You may however want to take some further advice from a solicitor more familiar with the act than I am.

The Letting Agent said...

This is the third time now a tenant dispute lodged with mydeposits has gone against us.
I'm aware that there are probably our tenants reading this blog and the last thing we want you to think is that we make a policy of charging tenants unneccessarily. Not true. Those of you who are no longer our tenants will be aware that in most cases, we do a pre-checkout inspection when a tenant gives notice.

mydeposits praised us for doing this, saying that as far as they were aware, no other letting agent ever did this. Why do we do this? Simple. When you give notice, we will arrange a property inspection straight away. The purpose of this inspection is to give you ample opportunity to put right anything in the property which may need doing (against our inventories) so that on the day we collect your keys there is none of the traditional sucking air through teeth (like a car mechanic about to rip you off) and say, :oooh, this needs attention, that needs attention".

Nothing could be fairer as our intention is to refund tenant deposits in full wherever possible. We know you rely on this money for your next place and quite rightly, its your money!

So, with this in mind why am i totally furious and exhasperated with mydeposits?

Scenario:
Tenants move into a brand new flat. Brand new I stress - they are the first occupiers so please be correct in assuming everything is clean, tidy and NEW. 18 months or so later I do a checkout. There was no pre-checkout inspection on this occasion as this was a tenant finder for us and we only did the checkout as a favour for a valued landlord and client who was away at the time.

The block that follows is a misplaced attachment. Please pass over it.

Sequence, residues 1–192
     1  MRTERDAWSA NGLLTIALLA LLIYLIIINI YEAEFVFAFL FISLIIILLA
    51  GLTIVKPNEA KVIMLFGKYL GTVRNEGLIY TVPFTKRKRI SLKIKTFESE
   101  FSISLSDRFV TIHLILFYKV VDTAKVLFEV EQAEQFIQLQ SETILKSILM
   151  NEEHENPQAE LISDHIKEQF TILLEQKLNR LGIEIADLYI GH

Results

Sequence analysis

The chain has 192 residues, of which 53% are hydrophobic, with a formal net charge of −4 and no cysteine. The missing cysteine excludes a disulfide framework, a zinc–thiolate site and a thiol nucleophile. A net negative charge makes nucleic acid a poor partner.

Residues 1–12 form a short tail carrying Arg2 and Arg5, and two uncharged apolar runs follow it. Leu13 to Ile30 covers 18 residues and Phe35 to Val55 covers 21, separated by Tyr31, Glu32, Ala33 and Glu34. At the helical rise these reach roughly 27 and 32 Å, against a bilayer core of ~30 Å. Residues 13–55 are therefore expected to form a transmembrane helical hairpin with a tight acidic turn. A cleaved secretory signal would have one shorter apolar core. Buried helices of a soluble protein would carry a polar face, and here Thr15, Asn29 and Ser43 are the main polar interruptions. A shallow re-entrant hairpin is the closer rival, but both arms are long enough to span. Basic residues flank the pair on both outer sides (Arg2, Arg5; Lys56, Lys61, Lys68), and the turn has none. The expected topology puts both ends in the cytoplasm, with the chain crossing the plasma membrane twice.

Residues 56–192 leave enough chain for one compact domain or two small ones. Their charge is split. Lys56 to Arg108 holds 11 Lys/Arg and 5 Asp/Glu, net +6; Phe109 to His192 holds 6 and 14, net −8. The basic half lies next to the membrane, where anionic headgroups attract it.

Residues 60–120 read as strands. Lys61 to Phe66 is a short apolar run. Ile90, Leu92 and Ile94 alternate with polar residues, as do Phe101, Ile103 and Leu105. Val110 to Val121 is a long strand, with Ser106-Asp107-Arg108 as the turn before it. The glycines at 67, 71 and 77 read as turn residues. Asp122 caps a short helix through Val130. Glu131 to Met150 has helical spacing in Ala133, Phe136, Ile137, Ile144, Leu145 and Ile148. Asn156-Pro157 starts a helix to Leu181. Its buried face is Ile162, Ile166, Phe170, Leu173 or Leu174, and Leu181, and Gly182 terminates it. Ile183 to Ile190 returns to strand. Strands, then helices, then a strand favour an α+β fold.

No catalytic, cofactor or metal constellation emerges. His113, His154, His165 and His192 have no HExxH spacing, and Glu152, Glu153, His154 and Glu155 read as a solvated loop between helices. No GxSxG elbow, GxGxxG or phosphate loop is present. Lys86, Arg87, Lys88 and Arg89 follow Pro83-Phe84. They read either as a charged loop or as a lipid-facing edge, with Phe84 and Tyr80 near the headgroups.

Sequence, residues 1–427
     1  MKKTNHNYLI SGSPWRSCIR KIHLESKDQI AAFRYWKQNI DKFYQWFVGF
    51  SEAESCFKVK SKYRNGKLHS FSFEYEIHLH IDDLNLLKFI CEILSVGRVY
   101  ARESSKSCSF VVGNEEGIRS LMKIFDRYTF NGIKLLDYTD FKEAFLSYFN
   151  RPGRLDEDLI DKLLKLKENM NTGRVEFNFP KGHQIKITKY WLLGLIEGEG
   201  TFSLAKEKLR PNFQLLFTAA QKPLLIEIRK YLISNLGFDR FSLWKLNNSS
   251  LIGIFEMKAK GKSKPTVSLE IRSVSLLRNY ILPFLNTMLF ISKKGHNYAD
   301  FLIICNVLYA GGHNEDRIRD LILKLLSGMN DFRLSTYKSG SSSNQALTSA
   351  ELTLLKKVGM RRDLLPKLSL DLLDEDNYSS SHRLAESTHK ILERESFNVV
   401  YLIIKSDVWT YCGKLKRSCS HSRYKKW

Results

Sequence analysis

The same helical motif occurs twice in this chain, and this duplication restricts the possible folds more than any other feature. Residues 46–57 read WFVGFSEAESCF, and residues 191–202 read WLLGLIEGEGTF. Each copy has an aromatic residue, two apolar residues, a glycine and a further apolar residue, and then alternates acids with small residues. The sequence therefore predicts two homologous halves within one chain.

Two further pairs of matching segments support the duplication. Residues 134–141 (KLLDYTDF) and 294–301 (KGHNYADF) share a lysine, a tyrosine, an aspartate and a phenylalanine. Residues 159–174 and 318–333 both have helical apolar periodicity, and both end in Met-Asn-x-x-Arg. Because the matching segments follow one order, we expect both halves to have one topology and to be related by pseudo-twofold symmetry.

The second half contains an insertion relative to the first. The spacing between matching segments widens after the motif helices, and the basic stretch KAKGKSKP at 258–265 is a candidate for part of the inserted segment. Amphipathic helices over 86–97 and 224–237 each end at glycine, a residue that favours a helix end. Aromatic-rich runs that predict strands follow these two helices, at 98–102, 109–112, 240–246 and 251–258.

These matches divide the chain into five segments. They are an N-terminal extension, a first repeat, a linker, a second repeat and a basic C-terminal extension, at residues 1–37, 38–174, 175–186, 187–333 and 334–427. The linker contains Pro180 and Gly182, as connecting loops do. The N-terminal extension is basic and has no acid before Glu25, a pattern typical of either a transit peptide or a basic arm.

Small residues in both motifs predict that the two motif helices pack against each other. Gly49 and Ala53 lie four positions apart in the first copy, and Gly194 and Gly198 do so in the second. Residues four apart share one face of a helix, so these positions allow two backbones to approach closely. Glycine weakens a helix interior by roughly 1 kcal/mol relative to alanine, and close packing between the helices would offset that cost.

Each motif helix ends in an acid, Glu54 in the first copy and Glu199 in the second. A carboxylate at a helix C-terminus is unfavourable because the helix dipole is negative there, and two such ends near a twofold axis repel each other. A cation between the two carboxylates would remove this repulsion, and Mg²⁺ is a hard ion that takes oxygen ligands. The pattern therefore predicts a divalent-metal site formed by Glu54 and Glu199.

I noticed things were not as they should be. The ceramic hob was cracked, the fridge was filthy, the window cills were dirty, marks on the walls, marks on the carpet. I explained to the tenants there may be deductions but it was up to their landlord to decide. So doing the right thing, I took photos of the offending articles to email to the landlord. The landlord agreed with our findings and carried out the repairs/cleaning himself and advised us what to deduct from the deposit.

The tenants lodged a dispute and to cut a long story short we lost the adjudication because the photos we took of the property did not have the digital camera date and time on them! So in short, we are a bunch of liars...........I'm sorry, what other assumption can one make?

Listen mydeposits, I'm prepared to accept your decision because we agreed to the adjudication process and the decision is final. Life is a learning curve then from now on all our photos have the camera date. But you are missing one vital thing:
THEY WERE THE FIRST OCCUPIERS OF A BRAND NEW FLAT!!!!!!!!!!!!!!!!!!!!!!!!!!!!!! Who else left the flat dirty and damaged?

Anonymous said...

This whole issue is the tip of an ugly iceberg. Firstly, since I understand the Arbitration Act to prohibit binding arbitration below £5,000, the legislation always avoids the phrase as far as I can see. Adjudication is what you submit to. Surely there should still be a right of appeal for gross error. Try these two:

First case landlord and tenant agree deduction of £200, dispute a further £400 and £150 agreed to be refunded to the tenant. The adjudicator awarded the whole lot back to the tenant, even the money agreed by the tenant to be given to the landlord. Surely this sort of instance is outside the remit of the adjudicator as there was no dispute over the £200.

Second example, more bizarre, £650 disputed, papers sent to agent and tenant. Agent sends papers back and is award the whole £1,300 deposit as the tenant did not file a defence. Tell me that should be tolerated or allowed?

Third example, cases refused as the leaflet prescribed by the scheme is not given (what negative effect did that have on the ability to adjudicate?) or a case where the check out was done by a different person to the person who wrote to the tenant so the case was thrown out.

Could there be a human rights angle to the right to a fair trial? Now with the new general pre action procedure where there is no specific protocol, it all but requires the use ADR if available. We have experienced judges refusing to hear a case where parties did not use ADR (in one case ADR was not used as the dispute was for more than the deposit and the ADR cannot award the landlord more than the deposit).

My deposits quoted in a newsletter this summer than over 90% of disputed money has been returned to tenants, you have been warned.

All three schemes have judgements that I, neither as winner nor loser, would say are grossly wrong.